How Do You Manage Lower-Risk Offenders?
Our nation's continued budget woes are taking a toll at all levels of government, including local cities and counties that are struggling with higher costs, lower tax revenue collections and sometimes dwindling state and federal aid. The result is a need to look for lower-cost and less-labor-intensive ways to address a range of government security and law enforcement needs. When governments downsize, technology is a tool to help fill the gap.
Technology often enables greater efficiencies with less manpower. An example is the use of electronic systems to help a county government's criminal justice system to manage its large population of lower-risk offenders. Counties face two major hurdles related to managing these offenders. One is the high cost of housing offenders in jails. The other is the challenge of managing the large caseloads thrust upon overworked parole officers and those providing pre-trial services.
One such electronic system uses radio frequency (RF) monitoring and comprises a transmitter bracelet worn on the offender's wrist, coupled with a nearby monitoring unit that provides a two-way RF link with the bracelet. The system doesn't “track” an individual but rather monitors the compliance of an individual required to remain at a specific location for a specific time period. The technology can continuously receive, store and disseminate compliance data to a monitoring center without active involvement by the participant.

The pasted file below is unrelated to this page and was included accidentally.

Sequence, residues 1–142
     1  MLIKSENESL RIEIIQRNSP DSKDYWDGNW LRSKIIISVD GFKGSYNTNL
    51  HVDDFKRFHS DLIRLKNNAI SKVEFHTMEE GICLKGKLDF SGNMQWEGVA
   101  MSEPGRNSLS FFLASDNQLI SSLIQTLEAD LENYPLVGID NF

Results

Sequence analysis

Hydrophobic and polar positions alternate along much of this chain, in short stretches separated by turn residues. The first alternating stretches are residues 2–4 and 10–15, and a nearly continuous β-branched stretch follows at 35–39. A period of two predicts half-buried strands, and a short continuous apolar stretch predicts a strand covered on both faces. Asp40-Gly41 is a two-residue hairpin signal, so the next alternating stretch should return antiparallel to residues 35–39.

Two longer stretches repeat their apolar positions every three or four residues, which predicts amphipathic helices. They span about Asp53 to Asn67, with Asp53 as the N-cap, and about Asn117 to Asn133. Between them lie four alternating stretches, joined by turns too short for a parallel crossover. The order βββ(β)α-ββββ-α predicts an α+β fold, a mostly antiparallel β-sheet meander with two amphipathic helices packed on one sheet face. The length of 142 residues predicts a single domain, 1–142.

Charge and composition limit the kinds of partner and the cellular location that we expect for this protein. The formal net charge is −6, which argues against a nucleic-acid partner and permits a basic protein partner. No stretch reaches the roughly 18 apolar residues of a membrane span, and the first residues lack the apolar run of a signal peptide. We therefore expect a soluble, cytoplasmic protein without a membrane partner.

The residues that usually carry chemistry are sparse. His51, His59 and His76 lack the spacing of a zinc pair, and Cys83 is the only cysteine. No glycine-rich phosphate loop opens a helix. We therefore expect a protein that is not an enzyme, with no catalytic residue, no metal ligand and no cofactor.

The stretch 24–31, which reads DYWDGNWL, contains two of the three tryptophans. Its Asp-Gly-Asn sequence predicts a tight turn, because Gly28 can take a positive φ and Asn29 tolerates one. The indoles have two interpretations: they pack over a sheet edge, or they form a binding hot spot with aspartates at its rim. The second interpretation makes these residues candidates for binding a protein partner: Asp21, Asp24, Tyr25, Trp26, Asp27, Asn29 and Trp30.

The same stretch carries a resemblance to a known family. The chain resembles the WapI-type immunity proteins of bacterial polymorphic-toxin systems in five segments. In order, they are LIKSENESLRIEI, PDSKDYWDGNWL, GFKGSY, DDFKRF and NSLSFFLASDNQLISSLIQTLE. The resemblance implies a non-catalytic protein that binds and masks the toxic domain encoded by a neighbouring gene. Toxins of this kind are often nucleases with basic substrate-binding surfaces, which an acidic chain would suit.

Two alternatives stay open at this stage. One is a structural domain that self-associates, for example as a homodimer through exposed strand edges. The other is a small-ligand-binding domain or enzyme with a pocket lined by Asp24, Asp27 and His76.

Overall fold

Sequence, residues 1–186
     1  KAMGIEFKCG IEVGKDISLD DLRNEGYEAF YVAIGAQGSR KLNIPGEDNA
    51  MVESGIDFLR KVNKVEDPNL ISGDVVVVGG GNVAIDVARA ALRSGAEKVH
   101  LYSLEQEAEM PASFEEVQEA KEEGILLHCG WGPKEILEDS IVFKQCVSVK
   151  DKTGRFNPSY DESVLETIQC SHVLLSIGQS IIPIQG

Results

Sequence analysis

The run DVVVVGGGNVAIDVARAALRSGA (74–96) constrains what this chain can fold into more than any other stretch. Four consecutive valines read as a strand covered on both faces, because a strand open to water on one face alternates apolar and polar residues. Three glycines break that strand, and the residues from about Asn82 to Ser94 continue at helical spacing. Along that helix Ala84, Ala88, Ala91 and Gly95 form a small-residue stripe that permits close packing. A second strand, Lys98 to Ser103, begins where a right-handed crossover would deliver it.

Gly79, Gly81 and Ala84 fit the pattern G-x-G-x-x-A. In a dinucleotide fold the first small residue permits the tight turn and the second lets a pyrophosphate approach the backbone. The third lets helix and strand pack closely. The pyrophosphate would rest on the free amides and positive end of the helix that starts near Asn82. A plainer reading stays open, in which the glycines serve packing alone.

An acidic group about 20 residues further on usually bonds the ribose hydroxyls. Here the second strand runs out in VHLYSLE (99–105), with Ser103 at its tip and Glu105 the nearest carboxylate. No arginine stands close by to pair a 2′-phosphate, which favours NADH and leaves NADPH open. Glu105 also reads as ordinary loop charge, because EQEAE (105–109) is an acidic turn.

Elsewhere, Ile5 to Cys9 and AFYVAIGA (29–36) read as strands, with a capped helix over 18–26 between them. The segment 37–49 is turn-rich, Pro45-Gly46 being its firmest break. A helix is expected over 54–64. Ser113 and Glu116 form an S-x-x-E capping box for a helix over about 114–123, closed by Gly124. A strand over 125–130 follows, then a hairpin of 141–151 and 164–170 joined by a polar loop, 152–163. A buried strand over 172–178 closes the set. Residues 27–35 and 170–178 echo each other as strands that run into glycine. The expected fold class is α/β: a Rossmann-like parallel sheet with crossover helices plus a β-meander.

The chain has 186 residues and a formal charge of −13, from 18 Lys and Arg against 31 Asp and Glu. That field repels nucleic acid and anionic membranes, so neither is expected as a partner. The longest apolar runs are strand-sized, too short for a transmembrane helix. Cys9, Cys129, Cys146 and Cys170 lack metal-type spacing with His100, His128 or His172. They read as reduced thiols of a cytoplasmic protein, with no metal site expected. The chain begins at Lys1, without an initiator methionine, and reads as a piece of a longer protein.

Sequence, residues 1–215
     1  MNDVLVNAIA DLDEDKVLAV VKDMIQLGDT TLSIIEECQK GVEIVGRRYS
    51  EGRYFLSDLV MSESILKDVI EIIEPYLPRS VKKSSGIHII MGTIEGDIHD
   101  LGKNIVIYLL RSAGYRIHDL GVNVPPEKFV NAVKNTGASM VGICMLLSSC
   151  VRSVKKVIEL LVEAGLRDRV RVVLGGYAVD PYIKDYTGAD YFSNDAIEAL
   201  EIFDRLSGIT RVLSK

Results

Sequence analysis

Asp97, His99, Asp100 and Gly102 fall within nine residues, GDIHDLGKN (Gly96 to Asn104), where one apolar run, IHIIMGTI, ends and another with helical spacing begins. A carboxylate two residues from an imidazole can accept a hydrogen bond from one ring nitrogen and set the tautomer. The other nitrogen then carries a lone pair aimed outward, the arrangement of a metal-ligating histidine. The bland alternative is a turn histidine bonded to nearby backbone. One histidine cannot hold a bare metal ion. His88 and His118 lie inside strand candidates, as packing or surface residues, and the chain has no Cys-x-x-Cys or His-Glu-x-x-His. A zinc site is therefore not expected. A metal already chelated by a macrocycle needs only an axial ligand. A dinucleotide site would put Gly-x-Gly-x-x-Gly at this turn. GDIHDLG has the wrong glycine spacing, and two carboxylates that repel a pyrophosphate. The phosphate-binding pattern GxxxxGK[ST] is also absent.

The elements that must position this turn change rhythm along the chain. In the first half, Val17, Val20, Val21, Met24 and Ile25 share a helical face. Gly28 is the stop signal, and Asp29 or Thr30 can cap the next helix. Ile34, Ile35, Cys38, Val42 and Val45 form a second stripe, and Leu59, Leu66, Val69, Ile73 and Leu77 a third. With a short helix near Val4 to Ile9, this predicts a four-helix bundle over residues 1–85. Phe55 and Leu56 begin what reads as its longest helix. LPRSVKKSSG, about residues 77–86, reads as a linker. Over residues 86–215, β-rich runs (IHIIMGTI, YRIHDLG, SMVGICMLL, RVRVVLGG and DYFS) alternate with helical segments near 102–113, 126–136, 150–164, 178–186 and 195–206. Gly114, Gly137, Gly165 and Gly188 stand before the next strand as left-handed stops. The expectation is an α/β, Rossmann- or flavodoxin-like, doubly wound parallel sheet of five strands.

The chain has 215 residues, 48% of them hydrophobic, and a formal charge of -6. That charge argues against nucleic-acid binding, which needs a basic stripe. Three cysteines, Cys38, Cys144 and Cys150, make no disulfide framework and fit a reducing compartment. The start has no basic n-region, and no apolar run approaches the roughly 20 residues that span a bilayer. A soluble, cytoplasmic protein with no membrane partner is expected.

Another electronic monitoring system is an ankle-mounted GPS location device that is waterproof and shock-resistant. The device can monitor participants by calculating a precise location using both GPS (global position system) satellites and cellular phone towers. “Dual monitoring” ensures reliability, and the device incorporates a cellular modem that communicates information using an encrypted signal to a monitoring center over a wireless network. Provided information includes tamper alerts, curfew schedules and inclusion/exclusion zone violations.
To keep track of alcohol-related offenders, another device worn as a bracelet can monitor and identify alcohol consumption by measuring ethanol gas emitted through the skin on a continuous basis. A test chamber collects ethanol molecules released from the skin, and measurements are taken every 15 minutes to compare with a sober baseline established when an offender is enrolled in the program. When combined with GPS location tracking into a single solution, the continuous alcohol monitoring system can track indicators of alcohol use while identifying an offender's exact location. Information is delivered in real-time to a monitoring system via a GPS cell phone.
Electronic monitoring systems can allow judges to confidently release lower-risk offenders into society, where they can contribute to their communities (by working and paying taxes) and support their families. Everyone benefits from these systems. The local government enjoys lower costs, which ultimately benefits the taxpayer; officers spend less time on caseload management.
Electronic monitoring costs significantly less than jail, and saving money allows local governments to focus more resources on other aspects of security and public safety.